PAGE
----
by Alex Palmer | January 13, 2017
The International Organization for Standardization (ISO), a non-governmental organization which develops voluntary standards for a wide range of industries, may soon be setting standards for engagement. The global body, which counts 163 national standardization organizations as its members, voted on Dec. 29 to approve the proposal to create engagement standards.

The proposal, drafted by the Enterprise Engagement Alliance and submitted last year to the U.S. Technical Advisory Group, states: "Based on extensive research and information already in the public domain, this initiative seeks to create a set of standards which can be used as a model for organizations to formally integrate current practices for engagement, such as leadership development, employee and engagement assessment, recruitment, learning, communications, rewards and recognition, return on investment measures, etc., along with analytics, into a set of practices to achieve measurable goals and insights."

The vote to approve the proposal will lead to the creation of a working group that will begin drafting these standards. The group will be formally established at the ISO meeting in Bali in September 2017. 

If enacted, the voluntary standards would give management a framework to follow in its efforts to connect with workers, customers, and investors. Across the world, more than 1 million organizations are ISO certified and follow its designated standards.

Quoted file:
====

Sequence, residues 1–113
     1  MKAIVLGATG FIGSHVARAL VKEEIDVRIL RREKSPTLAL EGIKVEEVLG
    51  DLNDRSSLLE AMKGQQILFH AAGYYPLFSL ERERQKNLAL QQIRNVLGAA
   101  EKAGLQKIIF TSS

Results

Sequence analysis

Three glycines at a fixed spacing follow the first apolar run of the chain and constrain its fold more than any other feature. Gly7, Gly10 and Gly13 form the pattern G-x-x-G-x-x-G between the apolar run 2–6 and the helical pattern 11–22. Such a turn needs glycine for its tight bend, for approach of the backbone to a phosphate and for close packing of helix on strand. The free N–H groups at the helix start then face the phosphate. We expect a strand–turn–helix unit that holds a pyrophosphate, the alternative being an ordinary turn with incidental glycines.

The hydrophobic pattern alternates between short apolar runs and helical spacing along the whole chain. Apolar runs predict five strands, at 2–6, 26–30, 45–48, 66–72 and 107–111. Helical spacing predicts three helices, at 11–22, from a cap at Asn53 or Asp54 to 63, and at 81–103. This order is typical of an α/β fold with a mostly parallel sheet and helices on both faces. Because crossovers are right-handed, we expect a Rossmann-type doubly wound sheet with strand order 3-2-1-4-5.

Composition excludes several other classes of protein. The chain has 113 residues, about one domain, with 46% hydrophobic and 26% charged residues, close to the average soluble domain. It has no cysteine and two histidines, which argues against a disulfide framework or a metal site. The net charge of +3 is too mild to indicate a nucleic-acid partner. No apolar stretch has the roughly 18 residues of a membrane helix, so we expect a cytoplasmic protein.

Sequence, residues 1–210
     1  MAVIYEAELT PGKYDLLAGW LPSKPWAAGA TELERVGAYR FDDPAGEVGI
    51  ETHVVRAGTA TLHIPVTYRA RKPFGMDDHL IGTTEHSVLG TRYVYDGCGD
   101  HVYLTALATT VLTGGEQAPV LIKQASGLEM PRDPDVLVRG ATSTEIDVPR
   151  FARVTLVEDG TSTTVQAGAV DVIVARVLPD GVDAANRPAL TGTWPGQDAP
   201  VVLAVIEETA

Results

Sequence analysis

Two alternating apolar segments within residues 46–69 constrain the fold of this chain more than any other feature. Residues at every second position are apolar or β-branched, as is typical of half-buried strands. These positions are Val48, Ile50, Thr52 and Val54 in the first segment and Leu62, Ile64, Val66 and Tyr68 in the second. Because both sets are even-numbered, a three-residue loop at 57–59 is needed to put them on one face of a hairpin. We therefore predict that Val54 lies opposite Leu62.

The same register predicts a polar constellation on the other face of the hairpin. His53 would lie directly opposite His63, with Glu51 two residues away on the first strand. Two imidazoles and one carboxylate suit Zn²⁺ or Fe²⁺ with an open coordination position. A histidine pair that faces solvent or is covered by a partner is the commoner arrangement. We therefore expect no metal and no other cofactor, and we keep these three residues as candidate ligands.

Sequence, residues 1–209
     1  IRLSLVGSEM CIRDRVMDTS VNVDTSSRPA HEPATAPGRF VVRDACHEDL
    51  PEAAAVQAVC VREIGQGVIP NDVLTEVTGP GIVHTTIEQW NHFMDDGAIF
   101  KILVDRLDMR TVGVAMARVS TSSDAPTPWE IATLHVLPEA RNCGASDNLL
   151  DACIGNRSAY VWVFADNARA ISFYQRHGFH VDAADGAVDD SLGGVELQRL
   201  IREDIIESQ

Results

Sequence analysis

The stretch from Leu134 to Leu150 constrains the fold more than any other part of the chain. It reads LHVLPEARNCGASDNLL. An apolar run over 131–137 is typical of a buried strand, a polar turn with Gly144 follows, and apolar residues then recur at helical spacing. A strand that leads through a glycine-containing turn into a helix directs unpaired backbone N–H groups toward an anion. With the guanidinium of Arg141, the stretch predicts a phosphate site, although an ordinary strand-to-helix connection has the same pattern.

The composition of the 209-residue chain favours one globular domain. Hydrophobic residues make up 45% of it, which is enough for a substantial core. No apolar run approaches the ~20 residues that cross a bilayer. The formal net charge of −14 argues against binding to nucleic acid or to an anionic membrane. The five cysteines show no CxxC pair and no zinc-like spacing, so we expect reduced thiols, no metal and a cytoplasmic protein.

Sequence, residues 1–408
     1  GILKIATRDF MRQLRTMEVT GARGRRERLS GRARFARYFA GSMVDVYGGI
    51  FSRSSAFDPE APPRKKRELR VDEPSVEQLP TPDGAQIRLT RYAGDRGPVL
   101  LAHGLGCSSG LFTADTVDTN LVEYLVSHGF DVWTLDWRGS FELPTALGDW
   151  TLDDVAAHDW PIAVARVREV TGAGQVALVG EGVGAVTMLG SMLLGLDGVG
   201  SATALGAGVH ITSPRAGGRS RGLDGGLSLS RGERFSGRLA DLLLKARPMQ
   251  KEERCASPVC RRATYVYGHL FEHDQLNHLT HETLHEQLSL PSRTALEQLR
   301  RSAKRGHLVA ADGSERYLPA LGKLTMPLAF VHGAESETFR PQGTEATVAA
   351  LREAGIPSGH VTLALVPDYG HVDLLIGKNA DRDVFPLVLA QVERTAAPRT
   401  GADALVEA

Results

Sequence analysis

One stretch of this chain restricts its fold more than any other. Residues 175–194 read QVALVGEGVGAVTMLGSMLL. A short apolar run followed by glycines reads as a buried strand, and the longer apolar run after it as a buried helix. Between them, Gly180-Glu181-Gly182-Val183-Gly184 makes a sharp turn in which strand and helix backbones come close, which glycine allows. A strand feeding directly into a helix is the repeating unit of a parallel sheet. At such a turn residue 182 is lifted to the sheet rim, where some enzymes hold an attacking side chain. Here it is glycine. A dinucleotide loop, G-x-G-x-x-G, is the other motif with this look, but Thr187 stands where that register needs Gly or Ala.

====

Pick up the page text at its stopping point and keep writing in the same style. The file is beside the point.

"All ISO standards are voluntary," emphasized Bruce Bolger, founder of the Enterprise Engagement Alliance, which drafted the proposal. He added that these standards would lead to "better returns for shareholders and a better experience for employees, customers, and everyone who touches an organization."

Bolger said that the vote and subsequent standards, should they be enacted, shows that engagement is more than "a marketing buzzword" and instead is a substantial, strategic approach to doing business that can provide financial benefits to organizations across the globe, both private and public, for-profit and not-for-profit. 

"This move by the international body makes it likely that there will be formal standards related to the implementation of engagement, since the international body has now voted to create a working group," said Lee S. Webster, director of employee relations at the University of Texas Medical Branch, and the administrator of the U.S. Technical Advisory Group 260. "This process almost always results in the creation of formal standards."